How to Help Your Child Ace School Exams

Thursday, March 1, 2012

How to Help Your Child Ace School Exams

When it seems that it is becoming a habit for your child to put off school work, it’s time for you to step in and help your child develop good study habits to get better grades. It is important for you to emphasize to your child the importance of setting priorities early in life. Don’t wait for them to flunk their tests, or worse, fail in their subjects before you talk to them about it.

You can help your children hurdle their tests with these 7 tips:

1. Help them set targets

Ask your child what they want to achieve for that particular school year. Tell them to set a specific goal or target. If they say, “I want to get better grades,” tell them to be more specific. It will be better if they say they want to get a GPA of 2.5 or higher. Having a definite target will make it easier for them to undertake a series of actions to achieve their goals, instead of just “shooting for the moon.”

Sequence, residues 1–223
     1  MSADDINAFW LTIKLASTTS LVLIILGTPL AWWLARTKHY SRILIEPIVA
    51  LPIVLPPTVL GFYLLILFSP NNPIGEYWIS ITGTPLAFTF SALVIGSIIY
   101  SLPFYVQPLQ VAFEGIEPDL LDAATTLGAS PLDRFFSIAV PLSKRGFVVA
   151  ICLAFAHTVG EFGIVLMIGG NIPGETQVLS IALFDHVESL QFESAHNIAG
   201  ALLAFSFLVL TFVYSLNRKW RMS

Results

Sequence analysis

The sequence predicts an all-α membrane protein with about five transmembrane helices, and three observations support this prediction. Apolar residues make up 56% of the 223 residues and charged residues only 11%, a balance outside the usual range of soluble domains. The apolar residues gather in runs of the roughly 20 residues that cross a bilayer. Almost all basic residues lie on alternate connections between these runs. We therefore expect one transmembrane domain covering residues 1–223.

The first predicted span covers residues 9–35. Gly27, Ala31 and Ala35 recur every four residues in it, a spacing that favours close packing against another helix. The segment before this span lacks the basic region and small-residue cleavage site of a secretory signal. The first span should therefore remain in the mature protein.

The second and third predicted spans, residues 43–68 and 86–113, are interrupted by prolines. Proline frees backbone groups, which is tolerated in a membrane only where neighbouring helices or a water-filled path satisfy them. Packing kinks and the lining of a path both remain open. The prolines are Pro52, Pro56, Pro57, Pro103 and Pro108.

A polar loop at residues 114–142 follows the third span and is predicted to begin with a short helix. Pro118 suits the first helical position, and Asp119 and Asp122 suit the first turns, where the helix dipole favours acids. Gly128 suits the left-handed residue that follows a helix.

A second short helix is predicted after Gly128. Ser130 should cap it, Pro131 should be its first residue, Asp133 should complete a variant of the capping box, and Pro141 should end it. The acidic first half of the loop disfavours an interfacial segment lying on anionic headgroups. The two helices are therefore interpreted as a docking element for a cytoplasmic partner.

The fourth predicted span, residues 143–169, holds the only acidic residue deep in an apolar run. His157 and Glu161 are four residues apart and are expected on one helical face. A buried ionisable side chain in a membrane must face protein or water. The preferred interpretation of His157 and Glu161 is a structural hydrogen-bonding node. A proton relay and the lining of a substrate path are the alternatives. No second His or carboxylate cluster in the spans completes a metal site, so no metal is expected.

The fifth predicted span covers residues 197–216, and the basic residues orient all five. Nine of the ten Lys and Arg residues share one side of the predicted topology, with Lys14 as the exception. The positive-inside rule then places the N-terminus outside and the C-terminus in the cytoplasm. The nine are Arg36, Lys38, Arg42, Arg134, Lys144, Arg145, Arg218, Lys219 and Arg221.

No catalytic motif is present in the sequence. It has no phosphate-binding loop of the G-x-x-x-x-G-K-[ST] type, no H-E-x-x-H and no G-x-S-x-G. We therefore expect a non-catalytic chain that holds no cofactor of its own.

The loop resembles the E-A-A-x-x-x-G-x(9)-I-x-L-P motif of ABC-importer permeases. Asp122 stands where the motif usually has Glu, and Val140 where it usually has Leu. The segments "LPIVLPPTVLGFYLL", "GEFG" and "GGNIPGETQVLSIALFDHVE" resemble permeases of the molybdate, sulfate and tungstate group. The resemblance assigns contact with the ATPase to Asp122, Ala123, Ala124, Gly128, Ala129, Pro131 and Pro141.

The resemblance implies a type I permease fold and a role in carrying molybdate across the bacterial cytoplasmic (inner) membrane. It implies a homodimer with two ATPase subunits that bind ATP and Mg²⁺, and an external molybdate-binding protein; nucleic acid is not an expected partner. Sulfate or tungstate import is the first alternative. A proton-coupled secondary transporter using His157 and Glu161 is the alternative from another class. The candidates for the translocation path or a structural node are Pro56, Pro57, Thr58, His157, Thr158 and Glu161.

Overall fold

2. Preparation is key

At the start of the school year, teachers provide an outline of a subject’s scope along with a reading list and other course requirements. Make sure that your child has all the materials they need for these course requirements. Having these materials on hand will make sure that your child will have no reason to procrastinate and give them the opportunity to study in advance.

3. Teach them to mark important dates

You may opt to give them a small notebook where they can jot down important dates or a planner that has dates where they can list their schedule. Ask them to show this to you so you can give them “gentle reminders” to block off the whole week before the dates of an exam. During this week, advise your child to not schedule any social activity so they can concentrate on studying.